versatile heart

I'm writing a short story. It's another descendent of Circle Games, and focuses on a a character's reminiscence of her (limited) place in a key historical event. In some ways it's a holocaust survival story, but this is one of those things that I've realized only after the fact.

The writing, thus far, has been all long hand, and this has helped me really get into the character--because it's basically a journal entry. In some ways, I think I was able to be so successful at the novella, beacause the tone and structure was similar, at least in terms of it being built around journal entries.

Which I know you might be thinking: "but you're a blogger, why are you writing fiction that in much the same mode that your blog is written in?" Ah, I say, but I think this is actually a pretty crucial part of my project.

Without giving too much away, as I've probably said, I'm tearing myself to shreds in an attempt to go to graduate school to study how people internalize and process history and historical narratives. While I've been pretty good about focusing on this as a unifying theme for my fiction writing [1], I've been less successful at recognizing the links between my academic fascination/methodological focus on individuals' in-the-moment production of these stories. By exploring journal forms and epistletory(?) modes, I think I'm able to bring things all together in a way that I really like.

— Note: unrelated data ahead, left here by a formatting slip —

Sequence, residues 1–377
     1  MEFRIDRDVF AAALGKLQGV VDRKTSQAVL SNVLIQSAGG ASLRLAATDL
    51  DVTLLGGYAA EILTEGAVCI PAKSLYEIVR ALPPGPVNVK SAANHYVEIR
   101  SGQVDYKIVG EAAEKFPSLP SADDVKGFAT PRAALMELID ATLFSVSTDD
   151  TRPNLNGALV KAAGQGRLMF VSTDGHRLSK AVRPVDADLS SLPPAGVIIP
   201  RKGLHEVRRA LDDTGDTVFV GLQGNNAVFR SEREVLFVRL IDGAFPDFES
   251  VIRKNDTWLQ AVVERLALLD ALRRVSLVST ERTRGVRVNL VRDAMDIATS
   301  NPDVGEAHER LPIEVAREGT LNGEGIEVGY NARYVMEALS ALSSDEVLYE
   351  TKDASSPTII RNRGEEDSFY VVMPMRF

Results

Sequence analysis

I've been listening to the new (2007) Linda Thompson Album Versatile Heart, and it's really really good. The title cut is great. "Katy Cruel" is amazing (but it always is), and there's something really divine about "Whiskey, Bob Copper, and Me." I'm also geeking out on some old School Richard Thompson, particularly "The Dimming of the Day," from Pour Down Like Silver, which all around great. I'm moving back to a more obsessive engagement with a few songs, which is something that the "random setting" on the ipod had beaten out of me And it's comfortable.

And I'm writing long hand, and I'm getting things done on TealArt, which is not yet perfect, but is damn close: I think it's safe to say that I'm beyond my previous "block" on this project...

I think I'm back. Alert the news.

Onward and Upward!

[1]One of the reasons that Circle Games didn't really work out the first time, is that the entire story is built around some ill-gotten notion of loyalty and social organization. While it's not as bad as that description would suggest, I realized while I was writing--or shortly after--that I wasn't really particularly interested in this subject on some larger scale. So it's good that I have something new to focus my attention on.
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